posted on May, 16 2014 @ 06:23 AM
a reply to: Nyiah

Snap! 5.9 on GFZ Potsdam and 5.8mb on EMSC

posted on May, 16 2014 @ 06:37 AM
a reply to: PuterMan

I know hobbyists aren't fans of the USGS, but old habits die hard!
I've been trying to switch over to the EMSC as the listing source, but I often forget and revert to the USGS.

Anyway, USGS puts the first aftershock at a M5.0 while the EMSC put the main at a mb 5.8 and the first aftershock at a mb 5.0.

posted on May, 17 2014 @ 08:27 PM
M 6.2 - Off the west coast of northern Sumatra

2014-05-17 20:02:29 UTC-05:00
4.259°N 92.747°E

Hope your weekend has been good.

posted on May, 18 2014 @ 06:41 PM
A quake prediction article I came across:


posted on May, 19 2014 @ 03:26 AM
a reply to: wasobservingquietly
Interesting that in that article they say one of the problems is lack of offshore undersea seismographs.
Well GNS, with the help of USGS and I think it was GFZ, have recently installed a new set of undersea seismographs offshore Gisborne on the East Coast of the North Island.
It will be interesting to see if there is an uptick of events there (because of the new siesmos). The area is historically been the scene of slow slip earthquakes, and a M6.8 in 2008.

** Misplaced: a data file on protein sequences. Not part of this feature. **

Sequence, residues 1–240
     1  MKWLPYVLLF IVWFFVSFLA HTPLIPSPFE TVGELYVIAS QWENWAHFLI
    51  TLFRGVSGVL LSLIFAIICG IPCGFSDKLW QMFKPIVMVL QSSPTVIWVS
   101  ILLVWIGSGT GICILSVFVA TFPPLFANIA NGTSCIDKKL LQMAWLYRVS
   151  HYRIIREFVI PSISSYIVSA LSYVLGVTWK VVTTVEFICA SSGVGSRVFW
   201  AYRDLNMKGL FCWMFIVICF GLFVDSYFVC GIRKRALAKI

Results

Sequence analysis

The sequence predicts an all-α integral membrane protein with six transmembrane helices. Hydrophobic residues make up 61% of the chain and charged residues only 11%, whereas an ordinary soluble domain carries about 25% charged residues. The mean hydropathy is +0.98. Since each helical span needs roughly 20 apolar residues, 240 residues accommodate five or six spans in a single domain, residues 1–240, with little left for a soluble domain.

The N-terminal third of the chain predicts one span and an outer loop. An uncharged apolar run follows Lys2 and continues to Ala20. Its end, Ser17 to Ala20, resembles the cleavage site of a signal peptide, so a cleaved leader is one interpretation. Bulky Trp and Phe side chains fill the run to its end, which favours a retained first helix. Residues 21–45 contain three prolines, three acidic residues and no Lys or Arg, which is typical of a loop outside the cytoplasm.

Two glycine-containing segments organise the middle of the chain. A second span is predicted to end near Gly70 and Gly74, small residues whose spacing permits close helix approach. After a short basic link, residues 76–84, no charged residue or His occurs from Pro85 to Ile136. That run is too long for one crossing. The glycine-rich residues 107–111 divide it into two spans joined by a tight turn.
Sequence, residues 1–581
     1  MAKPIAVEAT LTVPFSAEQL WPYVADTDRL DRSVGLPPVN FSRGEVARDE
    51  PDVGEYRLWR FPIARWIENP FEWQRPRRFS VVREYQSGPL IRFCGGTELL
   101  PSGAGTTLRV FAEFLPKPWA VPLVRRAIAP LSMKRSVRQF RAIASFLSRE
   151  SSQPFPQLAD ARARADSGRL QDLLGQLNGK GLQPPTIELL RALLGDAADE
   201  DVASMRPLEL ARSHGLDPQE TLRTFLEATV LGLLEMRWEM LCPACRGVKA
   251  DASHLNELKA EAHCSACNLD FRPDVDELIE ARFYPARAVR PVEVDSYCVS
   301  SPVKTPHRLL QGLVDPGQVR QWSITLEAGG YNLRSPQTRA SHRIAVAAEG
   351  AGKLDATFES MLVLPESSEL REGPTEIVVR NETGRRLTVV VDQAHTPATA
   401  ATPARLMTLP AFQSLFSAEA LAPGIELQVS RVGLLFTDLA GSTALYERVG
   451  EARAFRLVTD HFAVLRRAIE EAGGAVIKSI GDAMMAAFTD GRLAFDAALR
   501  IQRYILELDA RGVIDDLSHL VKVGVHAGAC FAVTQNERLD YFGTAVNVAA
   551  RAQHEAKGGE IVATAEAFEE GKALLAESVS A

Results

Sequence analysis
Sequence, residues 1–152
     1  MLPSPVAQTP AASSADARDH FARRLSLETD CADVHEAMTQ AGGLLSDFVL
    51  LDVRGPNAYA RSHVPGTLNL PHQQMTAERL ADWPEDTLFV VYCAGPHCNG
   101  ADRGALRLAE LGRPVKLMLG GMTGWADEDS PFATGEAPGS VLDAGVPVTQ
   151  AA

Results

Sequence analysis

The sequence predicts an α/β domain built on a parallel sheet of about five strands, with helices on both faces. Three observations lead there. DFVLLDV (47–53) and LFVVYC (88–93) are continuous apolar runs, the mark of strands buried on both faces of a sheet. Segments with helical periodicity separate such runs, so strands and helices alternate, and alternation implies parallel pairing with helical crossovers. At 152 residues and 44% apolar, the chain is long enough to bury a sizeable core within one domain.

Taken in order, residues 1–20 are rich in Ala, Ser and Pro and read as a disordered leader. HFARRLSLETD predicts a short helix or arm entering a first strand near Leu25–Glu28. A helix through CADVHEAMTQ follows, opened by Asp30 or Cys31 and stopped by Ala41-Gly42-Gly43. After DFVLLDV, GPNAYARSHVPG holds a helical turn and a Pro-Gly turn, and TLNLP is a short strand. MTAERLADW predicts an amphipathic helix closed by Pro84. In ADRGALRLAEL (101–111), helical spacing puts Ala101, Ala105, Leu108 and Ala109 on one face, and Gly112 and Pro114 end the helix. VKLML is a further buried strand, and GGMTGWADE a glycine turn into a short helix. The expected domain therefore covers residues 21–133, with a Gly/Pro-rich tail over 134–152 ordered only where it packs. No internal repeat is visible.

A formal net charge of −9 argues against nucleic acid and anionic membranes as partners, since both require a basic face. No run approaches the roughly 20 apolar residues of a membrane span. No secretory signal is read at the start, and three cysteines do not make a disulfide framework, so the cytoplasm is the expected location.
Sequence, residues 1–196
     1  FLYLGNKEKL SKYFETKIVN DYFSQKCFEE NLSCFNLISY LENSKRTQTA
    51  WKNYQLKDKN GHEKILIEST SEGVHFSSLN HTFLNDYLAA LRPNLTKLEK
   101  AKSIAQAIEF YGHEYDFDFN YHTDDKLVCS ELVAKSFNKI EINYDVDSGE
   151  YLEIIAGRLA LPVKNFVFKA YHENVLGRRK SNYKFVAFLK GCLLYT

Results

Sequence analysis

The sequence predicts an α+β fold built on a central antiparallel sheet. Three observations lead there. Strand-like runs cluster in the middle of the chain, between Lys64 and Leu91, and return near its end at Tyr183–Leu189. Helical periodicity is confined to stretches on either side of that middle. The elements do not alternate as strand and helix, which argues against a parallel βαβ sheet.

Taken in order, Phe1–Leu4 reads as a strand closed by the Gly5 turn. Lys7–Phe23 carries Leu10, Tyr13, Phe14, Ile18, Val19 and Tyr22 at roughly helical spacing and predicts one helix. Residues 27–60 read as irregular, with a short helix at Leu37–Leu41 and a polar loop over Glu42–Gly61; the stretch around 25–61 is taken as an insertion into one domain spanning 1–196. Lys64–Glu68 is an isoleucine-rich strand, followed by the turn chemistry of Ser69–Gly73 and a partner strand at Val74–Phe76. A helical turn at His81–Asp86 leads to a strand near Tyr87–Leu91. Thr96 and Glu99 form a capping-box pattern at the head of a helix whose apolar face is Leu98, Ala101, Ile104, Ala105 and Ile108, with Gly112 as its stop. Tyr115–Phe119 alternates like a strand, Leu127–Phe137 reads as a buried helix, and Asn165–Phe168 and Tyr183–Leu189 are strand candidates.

This has always been the argument /cause of increased earthquake activity worldwide since the 1940's ( more seismos)

Should be home soon, I will be 20 days behind by then in my NZ Earthquakes Archiving!

edit on 05u13813814 by muzzy because: (no reason given)

edit on 05u13813814 by muzzy because: (no reason given)

posted on May, 19 2014 @ 07:34 AM
a reply to: wasobservingquietly

Thanks for posting this WOQ. Emily Brodsky is one of my favorite researchers. Her work on the nature of friction is really interesting; it's the least understood component of earthquake ruptures.

Here is a link to the Thorne Lay, et al paper discussing the Mag 8.1 Mw Iquique earthquake on 1 April 2014.

Through back-projections and deep water tsunami readings, they conclude that the EQ slip movement was large (between 2 and 6.7 meters) but only occurred over a small area of the thrust fault plane, and it did not rupture up-dip all the way to the trench.

That means that the 100+ year "seismic gap" area surrounding Iquique still has more slipping to do...specifically the area between 20.5°S, down to 23°S latitude, has enough accumulated stress to generate a Mag 8.5 Mw. Although that stretch could relieve the stress in a series of smaller quakes, instead of all at once.

edit on 5/19/2014 by Olivine because: wrong date

edit on 5/19/2014 by Olivine because: more detail